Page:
While the Monaco circuit is one of the most iconic and prestigious in the world, it is also one of the most dangerous. The crown jewel of motorsport is a host to narrow streets and tight corners and leaves very little room for mistakes, and an error can easily lead to a crash or collision with a wall. The circuit has also been known to have some of the highest speeds in F1, with cars reaching up to 280 km/h on the straightaways. The 3.33km or 2 mile-long track is one of the shortest in Formula 1. Yet, drivers are tasked with maintaining a clean race in narrow streets even during rain. Subsequently, the safety car is almost guaranteed in Monaco with virtually no chance of on-track overtaking for drivers.

Qualifying  is often regarded as the most exciting part of the weekend, The circuit is rewarding for the drivers who show true courage and driving skills. Max Verstappen suffered a very heavy crash in his Torro Rosso going into the first turn in the 2015 season.

3. Spa-Francorchamps, Belgium

Eau Rouge and Radillion are the most dreaded corners of F1. This track is known for its high-speed corners and unpredictable weather, making it a challenging circuit for even the most experienced drivers. The track is also notorious for its lack of run-off areas, which can make accidents even more dangerous. Anthoine Hubert, an F2 driver lost his life in 2019 after a dangerous crash in Eau Rouge. Lando Norris of McLaren also had a catastrophic crash in 2021 as the British driver failed to deal with the wet track conditions under heavy rain. The 7km or 4.35 miles long track is the longest of the F1 season. Changes have been made to the track regarding safety issues and this will make the track safer and prevent lethal incidents in the future.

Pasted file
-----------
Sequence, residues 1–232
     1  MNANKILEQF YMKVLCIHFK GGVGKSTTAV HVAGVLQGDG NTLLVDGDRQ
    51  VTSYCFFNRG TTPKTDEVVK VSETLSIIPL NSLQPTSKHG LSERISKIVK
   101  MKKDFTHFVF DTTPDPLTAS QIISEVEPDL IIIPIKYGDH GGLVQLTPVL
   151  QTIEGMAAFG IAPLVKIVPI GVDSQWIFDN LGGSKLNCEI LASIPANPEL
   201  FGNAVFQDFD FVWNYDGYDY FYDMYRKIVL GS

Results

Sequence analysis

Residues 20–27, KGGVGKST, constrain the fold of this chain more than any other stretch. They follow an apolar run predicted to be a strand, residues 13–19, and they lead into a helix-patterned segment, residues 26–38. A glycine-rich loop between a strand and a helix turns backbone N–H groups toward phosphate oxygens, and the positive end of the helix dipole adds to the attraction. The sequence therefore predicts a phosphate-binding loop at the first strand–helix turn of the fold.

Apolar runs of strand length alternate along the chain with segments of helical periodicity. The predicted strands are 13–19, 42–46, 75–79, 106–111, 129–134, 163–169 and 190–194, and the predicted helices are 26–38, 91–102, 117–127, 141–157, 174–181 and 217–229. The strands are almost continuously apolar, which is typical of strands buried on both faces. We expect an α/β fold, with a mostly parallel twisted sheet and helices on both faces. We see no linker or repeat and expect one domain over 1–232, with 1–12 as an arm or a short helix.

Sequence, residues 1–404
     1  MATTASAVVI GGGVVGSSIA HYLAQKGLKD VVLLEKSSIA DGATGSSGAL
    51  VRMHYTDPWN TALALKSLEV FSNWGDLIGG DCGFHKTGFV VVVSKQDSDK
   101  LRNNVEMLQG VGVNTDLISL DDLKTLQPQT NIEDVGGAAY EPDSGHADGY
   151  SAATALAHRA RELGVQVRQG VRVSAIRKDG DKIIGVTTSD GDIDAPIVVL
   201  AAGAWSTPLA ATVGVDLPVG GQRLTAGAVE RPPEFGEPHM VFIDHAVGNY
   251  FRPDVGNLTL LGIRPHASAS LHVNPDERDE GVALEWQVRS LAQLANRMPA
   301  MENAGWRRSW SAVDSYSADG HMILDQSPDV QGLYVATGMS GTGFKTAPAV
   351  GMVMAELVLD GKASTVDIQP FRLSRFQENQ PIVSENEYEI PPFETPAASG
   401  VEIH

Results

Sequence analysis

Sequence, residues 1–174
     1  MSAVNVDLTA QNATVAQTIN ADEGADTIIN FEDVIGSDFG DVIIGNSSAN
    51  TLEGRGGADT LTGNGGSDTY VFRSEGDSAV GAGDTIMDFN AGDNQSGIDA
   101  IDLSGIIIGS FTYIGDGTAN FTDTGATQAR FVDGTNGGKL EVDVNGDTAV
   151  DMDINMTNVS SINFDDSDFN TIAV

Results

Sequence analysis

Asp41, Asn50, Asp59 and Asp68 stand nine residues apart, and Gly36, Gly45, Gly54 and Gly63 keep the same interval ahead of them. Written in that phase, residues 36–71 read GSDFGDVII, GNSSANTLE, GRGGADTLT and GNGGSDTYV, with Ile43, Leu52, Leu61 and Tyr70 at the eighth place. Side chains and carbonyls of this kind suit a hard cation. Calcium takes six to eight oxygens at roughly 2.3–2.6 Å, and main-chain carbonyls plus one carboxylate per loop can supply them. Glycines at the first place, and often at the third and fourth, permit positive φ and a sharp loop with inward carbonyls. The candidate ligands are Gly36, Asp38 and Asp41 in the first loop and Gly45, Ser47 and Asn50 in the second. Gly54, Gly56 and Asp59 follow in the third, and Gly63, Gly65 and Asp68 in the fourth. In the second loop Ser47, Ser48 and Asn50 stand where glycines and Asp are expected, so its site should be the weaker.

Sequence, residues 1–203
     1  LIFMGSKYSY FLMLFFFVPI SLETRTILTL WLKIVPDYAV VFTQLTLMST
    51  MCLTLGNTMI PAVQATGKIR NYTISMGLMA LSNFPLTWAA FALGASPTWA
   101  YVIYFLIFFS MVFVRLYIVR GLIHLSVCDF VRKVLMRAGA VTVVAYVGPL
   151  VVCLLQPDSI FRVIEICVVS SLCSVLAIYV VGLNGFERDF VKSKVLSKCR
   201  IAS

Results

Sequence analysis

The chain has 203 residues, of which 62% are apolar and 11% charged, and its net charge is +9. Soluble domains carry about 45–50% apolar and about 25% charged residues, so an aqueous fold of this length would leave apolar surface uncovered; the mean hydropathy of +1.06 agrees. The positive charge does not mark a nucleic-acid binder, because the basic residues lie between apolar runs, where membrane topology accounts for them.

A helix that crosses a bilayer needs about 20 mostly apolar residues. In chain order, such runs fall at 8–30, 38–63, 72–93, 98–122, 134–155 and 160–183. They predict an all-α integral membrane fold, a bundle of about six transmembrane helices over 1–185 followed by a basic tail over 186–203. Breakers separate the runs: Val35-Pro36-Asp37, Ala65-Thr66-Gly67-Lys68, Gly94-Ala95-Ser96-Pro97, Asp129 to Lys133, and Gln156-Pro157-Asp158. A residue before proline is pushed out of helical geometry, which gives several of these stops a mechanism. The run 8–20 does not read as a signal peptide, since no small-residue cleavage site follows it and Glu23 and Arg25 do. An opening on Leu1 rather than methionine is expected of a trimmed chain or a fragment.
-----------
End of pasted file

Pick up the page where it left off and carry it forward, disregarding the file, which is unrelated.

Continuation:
2. Jeddah Circuit, Saudi Arabia

Jeddah is a street circuit and has been added recently to the F1 calendar. Jeddah has been known as a dangerous street track for drivers as it is one of the fastest circuits of the F1 season and it’s lacks of safety. It is the second-longest circuit of the season which is 6.175 kms 3.83 miles long. The 2022 season saw Mick Schumacher’s crash at this circuit which is still the most notable crash on that circuit till date. Several drivers have commented about the track's suitability to host F1 races, particularly after Mick Schumacher’s crash. Even though changes were made for the coming edition, it has still drawn very strong criticism from drivers due to the killer kerbs and sweeping corners with close barriers.

1. Nurburgring Nordschleife, Germany

This circuit is often referred to as the "Green Hell" due to its incredibly challenging layout and numerous blind corners. The circuit is over 20 kilometers long and has over 170 corners, making it one of the longest and most difficult tracks in the world. It was last used for F1 racing in 1976 where Niki Lauda suffered a life-changing crash during the race. The Austrian driver survived this calamity with severe burns on his body as he narrowly escaped death. The 7-minute long track contains some fast and twisty corners, with little space for a potential recovery or safety. It is of no surprise that this circuit is just not feasible for Formula 1 to race again. Although the track is still used by the automobile industry to test out vehicles.

The pinnacle of motorsport has raced on dozens of tracks in the past decades. It's worth noting that while these circuits are considered to be among the most dangerous in F1 history, all F1 tracks are designed with safety as the top priority. Safety measures such as run-off areas, barriers, and crash zones are constantly being updated and improved to minimize the risk of serious accidents and injuries during races.